Share this article

print logo

Hogan v. Gawker case shows some closed doors ought to stay closed

Hulk Hogan didn’t ask for enough. A paltry $100 million. So the jury in his invasion of privacy suit against Gawker awarded him $115 million instead. And that was before they got to the punitive phase of their deliberations.

I’m with the jury – more or less.

It’s not because I have any unusual regard for Hogan. Call me old-fashioned but I don’t think anyone has the legal right to show anyone else having sex unless the participants agree. Even Hulk Hogan. Even though his sex partner knew they were taped at the time. Hogan didn’t.

Nor do I have any special concern for his mental state. I’m sorry I ever heard the stage name of the fellow who filmed his own wife and Hogan in the act: He’s called Bubba the Love Sponge on the radio – a name I would gladly unhear and unsee if I could. Alas, it’s way too late.

The Hogan and Gawker case is one of the most ridiculous things I’ve ever heard about. Of course, you can’t show two people having sex on the Internet unless both give permission. What kind of world would it be if you could?

Hogan – aka Terry Bollea – may be in contention for major jackass of the Western World these days. I wouldn’t know. Never met the fellow. You probably haven’t either.

If Hogan wants to go on Howard Stern’s or any other radio show and talk in detail about his sex life, that’s between him and the host and their listeners. If anyone else wants to go on the air and make jokes about it – once he opened that can of worms – more power to them. First Amendment and all.

I’m as much of a First Amendment zealot as you’re likely to meet. But you can’t say anything you please about any celebrity anymore, no matter what primrose path the Internet is leading people down. Lee Daniels, creator of “Empire,” is finding that out for talking about his star Terrence Howard’s alleged domestic abuse allegations and saying Sean Penn physically abused Madonna while they were married.

It may have been a rumor that’s been “out there” since Penn and Madonna divorced. But the key fact is that not only does Penn say no, she’s denied it in a sworn affidavit. And then there have been reports of the pair at mutual peace in the 21st century so it’s not likely she’d appear in court and start ticking off physical abuses now.

If both parties say nothing happened, and cops were never called and no evidence exists of it, you’d jolly well better have emergency room testimony or else shut up. Penn can almost certainly not prove Daniels’ malice about such a widespread rumor, but you can bet your favorite lawyer’s office rent that’s not really what Penn is after. He just wants to kick that particular defamation in the pants and stop it.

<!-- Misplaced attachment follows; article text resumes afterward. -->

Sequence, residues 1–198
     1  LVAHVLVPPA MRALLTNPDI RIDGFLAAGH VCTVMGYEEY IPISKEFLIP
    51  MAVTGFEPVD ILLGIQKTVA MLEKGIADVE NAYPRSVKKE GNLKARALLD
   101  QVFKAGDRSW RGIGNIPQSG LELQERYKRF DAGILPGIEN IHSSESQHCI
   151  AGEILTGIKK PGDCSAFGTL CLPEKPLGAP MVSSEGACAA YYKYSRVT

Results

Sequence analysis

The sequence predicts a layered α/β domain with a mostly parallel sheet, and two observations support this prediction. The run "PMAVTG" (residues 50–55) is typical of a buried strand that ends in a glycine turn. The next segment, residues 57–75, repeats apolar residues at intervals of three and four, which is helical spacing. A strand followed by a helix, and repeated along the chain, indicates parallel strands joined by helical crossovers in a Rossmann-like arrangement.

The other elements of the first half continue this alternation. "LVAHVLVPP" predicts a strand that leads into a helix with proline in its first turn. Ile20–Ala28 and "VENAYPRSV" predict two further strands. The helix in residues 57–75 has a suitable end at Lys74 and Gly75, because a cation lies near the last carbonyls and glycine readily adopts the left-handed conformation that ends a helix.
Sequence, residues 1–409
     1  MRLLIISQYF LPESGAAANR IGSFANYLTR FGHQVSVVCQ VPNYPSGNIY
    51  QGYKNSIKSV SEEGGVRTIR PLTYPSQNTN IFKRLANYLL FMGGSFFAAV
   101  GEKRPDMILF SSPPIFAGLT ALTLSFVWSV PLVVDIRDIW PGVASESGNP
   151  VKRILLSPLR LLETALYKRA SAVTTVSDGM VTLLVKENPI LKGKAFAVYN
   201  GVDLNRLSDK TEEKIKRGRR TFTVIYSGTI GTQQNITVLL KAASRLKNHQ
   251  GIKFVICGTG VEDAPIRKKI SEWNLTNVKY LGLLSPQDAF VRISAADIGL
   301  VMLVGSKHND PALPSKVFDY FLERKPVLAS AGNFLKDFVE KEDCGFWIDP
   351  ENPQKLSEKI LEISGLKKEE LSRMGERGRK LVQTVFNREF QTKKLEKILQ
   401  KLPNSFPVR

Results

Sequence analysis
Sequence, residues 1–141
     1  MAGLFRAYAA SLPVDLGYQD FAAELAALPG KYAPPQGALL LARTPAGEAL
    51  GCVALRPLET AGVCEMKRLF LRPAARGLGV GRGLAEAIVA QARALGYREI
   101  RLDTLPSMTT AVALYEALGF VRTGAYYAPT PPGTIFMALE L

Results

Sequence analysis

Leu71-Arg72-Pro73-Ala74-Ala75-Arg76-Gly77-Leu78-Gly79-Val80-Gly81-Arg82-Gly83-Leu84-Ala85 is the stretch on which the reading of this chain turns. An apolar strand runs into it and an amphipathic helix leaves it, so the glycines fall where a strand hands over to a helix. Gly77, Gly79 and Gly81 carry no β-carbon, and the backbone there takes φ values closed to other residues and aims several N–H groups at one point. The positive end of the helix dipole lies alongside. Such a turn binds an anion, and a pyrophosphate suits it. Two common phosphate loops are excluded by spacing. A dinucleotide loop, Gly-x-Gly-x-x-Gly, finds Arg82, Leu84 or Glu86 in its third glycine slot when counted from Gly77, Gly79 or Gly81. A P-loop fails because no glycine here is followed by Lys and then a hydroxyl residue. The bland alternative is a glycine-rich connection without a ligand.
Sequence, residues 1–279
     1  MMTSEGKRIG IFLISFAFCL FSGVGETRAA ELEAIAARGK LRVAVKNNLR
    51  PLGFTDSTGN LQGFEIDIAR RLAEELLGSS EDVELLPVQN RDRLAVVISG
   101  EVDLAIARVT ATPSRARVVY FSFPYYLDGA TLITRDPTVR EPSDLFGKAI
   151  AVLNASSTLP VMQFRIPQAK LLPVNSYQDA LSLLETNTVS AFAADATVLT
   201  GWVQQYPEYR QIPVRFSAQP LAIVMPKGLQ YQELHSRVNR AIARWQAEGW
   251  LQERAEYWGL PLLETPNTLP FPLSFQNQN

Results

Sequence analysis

He’s suing for $100 million. I don’t think his tempestuous “reputation” underwent that much damage, any more than Hogan suffered much loss of worldly esteem because Bubba filmed his former best pal and his wife in sexual congress and let it get out.

What offended me about the whole garbage-ous matter is the Gawker contention that this is a First Amendment issue – that a gossip site has the right to show a sexual act if one of the participants talks publicly about his sex life.

It’s simple logic: If he talks about it publicly, everyone else should be allowed to and say whatever they want.

Showing it, though, is another matter.

Good for Hogan. Even on the lowest rungs of the showbiz ladder in America, it is still possible for people to make a stand for privacy and dignity.

To paraphrase the poet Andrew Marvell, the Internet’s a fine and public place so none, I think, should there embrace – not in full NC-17 glory unless they agree to exposure first.

I never saw the infamous tape when a few seconds of it ran on Gawker. If that website had only described what’s on it, it might have been fine. Gawker could argue that in the world of modern celebrity, fame leaves your sex life open to others’ speculation, especially if you boast about it yourself.

Showing a video online is another matter. If a person’s privacy doesn’t begin at the bedroom or bathroom door, Lord help anyone else who doesn’t have the money to hire lawyers and fight back.

We all know that the Internet changed the porn business entirely. The only thing that now separates our eyeballs from a screen full of people having sex is a few keystrokes.

I’m sorry for Gawker if this puts them out of business. I’m even sorrier if Hogan is scored a national hero.

But the message of the jury was clear: In the world of the Internet you’ve got to draw a line somewhere – the bedroom door, for instance, if somebody didn’t give permission.

No argument from me.

email: jsimon@buffnews.com